Can Individuals Control Pressure in Their Esophagus. (manometry)
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|ClinicalTrials.gov Identifier: NCT03495219|
Recruitment Status : Withdrawn (Unable to use manometry lab.)
First Posted : April 11, 2018
Last Update Posted : May 9, 2019
|Condition or disease||Intervention/treatment|
|Gastroesophageal Reflux||Procedure: Esophageal Manometry|
Pressure in the lower esophagus has been negatively associated with reflux symptoms: the lower the pressure, the more reflux symptoms. This pressure can be augmented with deep abdominal breathing. This can be detected during esophageal manometry, when a pressure catheter is placed into the esophagus. Manometry is routinely done for swallowing disorders.
This study will take place just after a routine manometry test, when the subject still has the catheter in place. All that is required for the research portion is to observe manometry readings while they breathe, then when they deep breath, then breathe after they have been cued or coached to deep abdominal breathing. This is done in sequence to establish how quickly this pressure can be improved.
This coached breathing is then prescribed as a routine exercise and long term follow up performed via phone to see how their reflux symptoms have responded.
|Study Type :||Observational|
|Actual Enrollment :||0 participants|
|Official Title:||Subjects Ability to Control Pressure in the Lower Esophageal High Pressure Znoe (HPZ) During Manometry.|
|Estimated Study Start Date :||June 1, 2019|
|Estimated Primary Completion Date :||January 2, 2020|
|Estimated Study Completion Date :||March 30, 2020|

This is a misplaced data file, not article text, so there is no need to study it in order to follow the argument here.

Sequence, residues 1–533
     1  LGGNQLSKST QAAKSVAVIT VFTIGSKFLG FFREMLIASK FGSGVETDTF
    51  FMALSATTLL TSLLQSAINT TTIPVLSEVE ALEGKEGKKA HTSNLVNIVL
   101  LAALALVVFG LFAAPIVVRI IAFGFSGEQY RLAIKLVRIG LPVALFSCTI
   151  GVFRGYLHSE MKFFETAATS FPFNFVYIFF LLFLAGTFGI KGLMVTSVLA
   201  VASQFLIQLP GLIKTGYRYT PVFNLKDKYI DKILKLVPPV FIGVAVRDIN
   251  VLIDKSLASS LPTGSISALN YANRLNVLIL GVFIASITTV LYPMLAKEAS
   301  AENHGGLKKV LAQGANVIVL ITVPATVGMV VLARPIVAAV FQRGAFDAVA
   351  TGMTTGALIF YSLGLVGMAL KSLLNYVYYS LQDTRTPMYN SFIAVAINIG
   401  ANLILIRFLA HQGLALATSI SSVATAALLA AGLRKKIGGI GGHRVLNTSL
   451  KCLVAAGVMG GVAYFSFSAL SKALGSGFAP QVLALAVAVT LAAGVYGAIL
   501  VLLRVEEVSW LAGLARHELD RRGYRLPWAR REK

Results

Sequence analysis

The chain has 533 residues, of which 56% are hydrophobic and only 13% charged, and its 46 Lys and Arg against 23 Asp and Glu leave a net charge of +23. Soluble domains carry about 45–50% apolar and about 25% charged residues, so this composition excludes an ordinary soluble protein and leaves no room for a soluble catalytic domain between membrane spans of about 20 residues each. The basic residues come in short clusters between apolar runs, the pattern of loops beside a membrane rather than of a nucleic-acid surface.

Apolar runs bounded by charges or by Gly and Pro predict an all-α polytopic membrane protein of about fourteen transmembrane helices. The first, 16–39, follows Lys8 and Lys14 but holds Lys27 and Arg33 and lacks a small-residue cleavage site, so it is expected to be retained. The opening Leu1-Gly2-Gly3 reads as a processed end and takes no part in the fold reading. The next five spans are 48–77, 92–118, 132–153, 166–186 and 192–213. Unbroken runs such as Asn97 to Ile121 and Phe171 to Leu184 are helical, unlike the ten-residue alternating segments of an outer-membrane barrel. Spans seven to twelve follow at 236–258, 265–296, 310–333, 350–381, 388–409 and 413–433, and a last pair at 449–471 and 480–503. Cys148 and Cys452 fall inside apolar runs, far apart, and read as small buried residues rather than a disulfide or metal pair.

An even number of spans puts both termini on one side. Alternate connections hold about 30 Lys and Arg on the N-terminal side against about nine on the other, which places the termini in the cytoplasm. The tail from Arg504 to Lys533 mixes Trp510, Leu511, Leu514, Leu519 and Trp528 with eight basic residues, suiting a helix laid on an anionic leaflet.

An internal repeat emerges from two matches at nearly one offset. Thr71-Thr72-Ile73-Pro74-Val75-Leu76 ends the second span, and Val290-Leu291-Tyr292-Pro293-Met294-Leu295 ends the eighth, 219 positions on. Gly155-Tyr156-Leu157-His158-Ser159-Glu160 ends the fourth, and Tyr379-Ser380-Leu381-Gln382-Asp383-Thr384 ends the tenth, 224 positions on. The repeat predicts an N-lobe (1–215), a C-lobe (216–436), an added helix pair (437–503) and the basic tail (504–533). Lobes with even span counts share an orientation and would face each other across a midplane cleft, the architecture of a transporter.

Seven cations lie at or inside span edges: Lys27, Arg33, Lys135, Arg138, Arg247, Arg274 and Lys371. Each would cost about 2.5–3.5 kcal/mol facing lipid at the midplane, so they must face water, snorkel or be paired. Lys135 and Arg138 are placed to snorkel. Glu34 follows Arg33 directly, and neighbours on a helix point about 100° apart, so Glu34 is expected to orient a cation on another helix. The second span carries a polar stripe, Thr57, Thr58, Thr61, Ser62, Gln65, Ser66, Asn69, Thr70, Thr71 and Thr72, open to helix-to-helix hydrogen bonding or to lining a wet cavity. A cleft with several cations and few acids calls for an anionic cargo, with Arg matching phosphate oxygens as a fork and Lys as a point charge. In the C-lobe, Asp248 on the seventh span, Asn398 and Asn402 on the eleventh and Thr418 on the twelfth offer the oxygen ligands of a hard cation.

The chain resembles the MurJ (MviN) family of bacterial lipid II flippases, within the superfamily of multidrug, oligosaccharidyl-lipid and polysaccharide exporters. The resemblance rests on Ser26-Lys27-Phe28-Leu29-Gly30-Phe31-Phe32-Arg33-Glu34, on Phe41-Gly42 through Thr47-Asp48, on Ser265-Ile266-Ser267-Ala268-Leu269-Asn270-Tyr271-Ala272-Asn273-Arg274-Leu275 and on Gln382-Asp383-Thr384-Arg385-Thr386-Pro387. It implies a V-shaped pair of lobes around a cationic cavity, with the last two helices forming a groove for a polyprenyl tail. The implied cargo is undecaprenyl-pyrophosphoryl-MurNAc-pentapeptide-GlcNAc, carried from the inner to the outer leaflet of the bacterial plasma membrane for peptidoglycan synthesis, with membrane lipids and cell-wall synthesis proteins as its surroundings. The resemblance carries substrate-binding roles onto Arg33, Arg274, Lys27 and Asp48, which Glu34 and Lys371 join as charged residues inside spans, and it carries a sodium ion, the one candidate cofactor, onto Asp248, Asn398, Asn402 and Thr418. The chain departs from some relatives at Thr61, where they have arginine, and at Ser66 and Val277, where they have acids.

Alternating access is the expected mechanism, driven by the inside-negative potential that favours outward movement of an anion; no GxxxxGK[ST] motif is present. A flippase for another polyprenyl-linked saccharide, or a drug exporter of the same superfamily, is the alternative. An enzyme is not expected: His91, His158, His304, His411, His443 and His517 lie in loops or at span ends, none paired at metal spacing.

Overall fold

Esophageal manometry is a test to assess motor function of the upper esophageal sphincter, esophageal body and lower esophageal sphincter
Procedure: Esophageal Manometry
A catheter inserted through the nares, post appropriate anesthetization. The subject is then given 8 - 10 sips of water or semi viscous fluid during the routine study. At the conclusion of the clinical portion of the examination the manometer catheter is typically removed by the technician at that point. For the purposes of this research study the catheter will remain in place to examine pressures specifically at the lower end of the esophagus during various breathing patterns and training activities to see if pressures can be increased with instruction.
- Reduction in Reflux Symptom Index Score (RSI) [ Time Frame: 3 months. ]Does intervention reduce RSI score from before intervention to follow up.
- Association of RSI to resting manometry pressure in the lower esophagus [ Time Frame: 1 day ]At rest, is basal esophageal pressure associated with subjects RSI scores?
- Can lower esophageal pressure can be increased by instruction/coaching by a physical therapist. [ Time Frame: 1 day ]Verbal, tactile coaching on diaphragm recruitment will be given while under manometry to establish the ability of subjects to improve lower esophageal pressure.
To learn more about this study, you or your doctor may contact the study research staff using the contact information provided by the sponsor.
Please refer to this study by its ClinicalTrials.gov identifier (NCT number): NCT03495219
|Principal Investigator:||C J Yelvington||Mayo Clinic|